Total and its acquiree played a similar game of rope-a-dope with Iraq, and for much higher stakes. It's no secret why Saddam picked two French companies to get these prizes, and Russia's Lukoil for the huge West Qurna field. "[The Iraqis] tried to sign contracts with members of the U.N. Security Council that would support lifting the embargo," says Total's Christophe de Margerie. For their political support, French companies were rewarded with contracts to sell $3.5 billion worth of goods to Baghdad under the U.N.'s oil-for-food program, making it Iraq's largest Western trading partner from 1996 to 2001. Then a change in policy--"smart" sanctions keeping a tighter rein on funds to Iraq--earned France a commercial slap on the wrist from Saddam that dropped it from its high perch.
Still, while Desmarest determined never to breach the embargo, he didn't mind skating close to the line. Total was negotiating during a period when Hussein Kamel, Saddam's son-in-law, was serving as minister of oil, before he defected, was lured back to Iraq and killed. But it was always clear who really ran the negotiations. "All the main decisions were taken above the ministerial level," says Alain Lechevalier, Total's senior vice president in the Middle East. "The guys we were negotiating with had no authority."
Total's own lawyers counseled against dealing with the shadowy presence De Margerie calls "the invisible man," but Desmarest overruled them. "We did it anyway, and we are not in jail," says De Margerie. But when the Iraqis pushed for a signature, Total balked, saying it would sign only if there were a clause stipulating that work would begin when sanctions law permitted. "Iraq was trying to induce us to break the sanctions," says De Margerie. "Even our government said that if we signed, we would be on the other side of a red line."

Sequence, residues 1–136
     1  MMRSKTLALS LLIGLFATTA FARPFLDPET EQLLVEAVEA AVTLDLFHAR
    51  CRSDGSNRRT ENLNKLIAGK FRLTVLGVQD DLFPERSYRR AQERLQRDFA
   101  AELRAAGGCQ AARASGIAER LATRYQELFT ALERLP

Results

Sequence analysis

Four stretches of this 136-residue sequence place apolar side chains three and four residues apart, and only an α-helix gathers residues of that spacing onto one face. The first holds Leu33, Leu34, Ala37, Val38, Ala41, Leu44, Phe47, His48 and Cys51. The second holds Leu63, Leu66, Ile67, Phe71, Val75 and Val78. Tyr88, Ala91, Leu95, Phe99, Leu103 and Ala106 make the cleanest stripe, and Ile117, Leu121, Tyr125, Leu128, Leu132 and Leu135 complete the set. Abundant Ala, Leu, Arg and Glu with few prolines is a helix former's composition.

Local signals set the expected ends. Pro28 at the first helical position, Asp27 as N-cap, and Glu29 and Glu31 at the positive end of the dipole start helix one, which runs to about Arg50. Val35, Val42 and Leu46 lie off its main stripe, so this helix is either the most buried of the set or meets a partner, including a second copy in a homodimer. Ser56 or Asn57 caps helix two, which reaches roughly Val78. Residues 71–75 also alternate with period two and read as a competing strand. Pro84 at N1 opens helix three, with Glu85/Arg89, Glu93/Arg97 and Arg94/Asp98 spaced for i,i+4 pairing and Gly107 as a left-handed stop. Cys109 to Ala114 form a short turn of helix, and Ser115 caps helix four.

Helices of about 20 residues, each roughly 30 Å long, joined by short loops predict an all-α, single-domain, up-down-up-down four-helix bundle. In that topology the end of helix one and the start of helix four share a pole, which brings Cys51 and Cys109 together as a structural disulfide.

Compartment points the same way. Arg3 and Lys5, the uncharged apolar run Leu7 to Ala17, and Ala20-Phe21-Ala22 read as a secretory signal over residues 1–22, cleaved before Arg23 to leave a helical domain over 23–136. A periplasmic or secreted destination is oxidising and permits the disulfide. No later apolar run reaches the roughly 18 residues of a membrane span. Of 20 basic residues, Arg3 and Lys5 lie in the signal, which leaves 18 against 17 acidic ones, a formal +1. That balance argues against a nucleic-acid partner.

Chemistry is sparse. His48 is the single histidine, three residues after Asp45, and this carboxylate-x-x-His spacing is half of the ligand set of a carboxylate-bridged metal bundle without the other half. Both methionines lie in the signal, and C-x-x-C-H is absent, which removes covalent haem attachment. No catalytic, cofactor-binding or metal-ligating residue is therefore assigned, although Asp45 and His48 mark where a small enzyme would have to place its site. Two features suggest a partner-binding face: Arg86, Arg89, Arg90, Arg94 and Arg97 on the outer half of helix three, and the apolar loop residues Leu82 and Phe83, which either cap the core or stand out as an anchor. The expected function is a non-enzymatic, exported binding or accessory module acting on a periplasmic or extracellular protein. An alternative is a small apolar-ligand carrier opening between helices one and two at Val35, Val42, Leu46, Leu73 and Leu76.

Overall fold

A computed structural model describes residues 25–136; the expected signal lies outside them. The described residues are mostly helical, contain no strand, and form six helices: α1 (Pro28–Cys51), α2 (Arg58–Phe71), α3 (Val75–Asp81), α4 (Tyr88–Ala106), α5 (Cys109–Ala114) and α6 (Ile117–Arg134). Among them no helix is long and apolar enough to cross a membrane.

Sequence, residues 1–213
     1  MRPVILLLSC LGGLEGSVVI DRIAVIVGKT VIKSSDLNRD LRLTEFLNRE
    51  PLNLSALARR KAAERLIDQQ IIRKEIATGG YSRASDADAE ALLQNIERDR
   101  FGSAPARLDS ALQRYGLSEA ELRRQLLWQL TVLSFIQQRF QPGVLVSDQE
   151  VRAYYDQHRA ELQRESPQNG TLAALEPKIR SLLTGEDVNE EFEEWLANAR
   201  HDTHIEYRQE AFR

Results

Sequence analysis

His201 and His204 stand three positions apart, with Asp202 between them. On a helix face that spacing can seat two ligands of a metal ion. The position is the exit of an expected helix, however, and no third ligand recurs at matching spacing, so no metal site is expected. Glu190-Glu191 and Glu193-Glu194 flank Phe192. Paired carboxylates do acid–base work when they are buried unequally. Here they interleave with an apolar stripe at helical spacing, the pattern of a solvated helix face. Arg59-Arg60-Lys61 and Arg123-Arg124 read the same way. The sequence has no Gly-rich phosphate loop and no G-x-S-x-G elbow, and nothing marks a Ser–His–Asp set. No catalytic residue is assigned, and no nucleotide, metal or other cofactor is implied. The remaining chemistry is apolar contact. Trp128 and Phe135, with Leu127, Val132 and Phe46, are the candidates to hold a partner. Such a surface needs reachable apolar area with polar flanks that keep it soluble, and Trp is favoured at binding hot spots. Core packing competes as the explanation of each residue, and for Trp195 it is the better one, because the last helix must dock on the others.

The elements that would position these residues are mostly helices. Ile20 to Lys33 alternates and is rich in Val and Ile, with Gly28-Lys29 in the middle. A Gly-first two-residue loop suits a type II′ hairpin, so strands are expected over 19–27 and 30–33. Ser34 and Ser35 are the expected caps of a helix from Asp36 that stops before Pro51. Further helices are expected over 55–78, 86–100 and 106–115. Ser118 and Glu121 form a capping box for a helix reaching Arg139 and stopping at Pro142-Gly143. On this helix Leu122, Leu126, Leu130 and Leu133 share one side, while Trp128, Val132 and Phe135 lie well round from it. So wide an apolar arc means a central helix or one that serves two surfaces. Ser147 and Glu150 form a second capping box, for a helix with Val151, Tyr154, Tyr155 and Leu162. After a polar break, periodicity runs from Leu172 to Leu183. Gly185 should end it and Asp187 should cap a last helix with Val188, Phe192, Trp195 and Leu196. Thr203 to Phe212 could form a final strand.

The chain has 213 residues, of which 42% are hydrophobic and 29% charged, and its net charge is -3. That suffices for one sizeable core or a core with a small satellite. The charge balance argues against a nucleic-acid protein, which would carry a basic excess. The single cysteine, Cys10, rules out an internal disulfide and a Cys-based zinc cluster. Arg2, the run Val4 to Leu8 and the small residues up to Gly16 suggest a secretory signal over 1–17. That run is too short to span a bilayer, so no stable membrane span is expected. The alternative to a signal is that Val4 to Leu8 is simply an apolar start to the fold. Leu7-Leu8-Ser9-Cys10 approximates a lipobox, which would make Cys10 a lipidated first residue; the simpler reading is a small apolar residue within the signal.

Now Desmarest finds himself with no contract, but he's still got a few cards left to play. For one thing, Total has long relationships with Iraq's oilmen, many of whom it trained during its years there. This may not count for much under U.S. interim authority, but ultimately those same Iraqi technocrats are likely to run the country's oil industry again. Total can be patient--just look at Sudan.
Meanwhile, says Desmarest, no one is starting work on Iraq's new oilfields before there's a stable government that can sign contracts. Reason: Each field will require an investment of $3 billion to $4 billion and up to five years before any oil starts flowing. Total will be happy to take a smaller piece of these huge fields down the road, if that's the best deal it can get.
A willingness to accept half a baguette sets Total apart from its Anglo-Saxon rivals, says Desmarest. "We adapt better to these countries than perhaps an American company would. We're more flexible on contract terms, as long as there's a fair return."
As in its $2.2 billion investment, shared with two partners, for a 40% stake in Iran's massive South Pars offshore gas project, which it operates as of now. The deal transforms Total from an equity partner into a contractor, giving it 80,000 barrels a day of condensate for expenses and a return reportedly near 20%. Total relinquished control of the field to the National Iranian Oil Co. earlier this year. In the process it set up a program to train 650 students. Of the program's 420 graduates, 350 are working today in South Pars. This can't hurt Total, as it eyes Iran's vast reserves of oil and gas.
Any new deal in Iraq is likely to resemble South Pars because no future Iraqi government can afford to be seen giving up rights to anything that lies under its liberated sand. "I tell my people, Stop crying about Iraq,'" says exploration chief Christophe de Margerie. "Before we couldn't sign any deal. Now we can."
Total doesn't need Iraqi production to meet its current targets. More important to Total's immediate future is the mammoth Kashagan field in Kazakhstan, with proven reserves of 13 billion barrels of oil. Total holds a 20.3% interest in Kashagan, but it wants to be operator, as do its partners ExxonMobil and Royal Dutch/Shell. The current player in that position is Italy's Eni--not nearly in the same weight class as its partners, who are all waiting for it to fail. Can Desmarest outmaneuver his partners to take over as operator? And if so, can he get the oil out through the politically embattled Caspian pipeline by the production date of 2005? "Dicey days ahead," says Florence Fee. "But if anybody can do it, Desmarest can."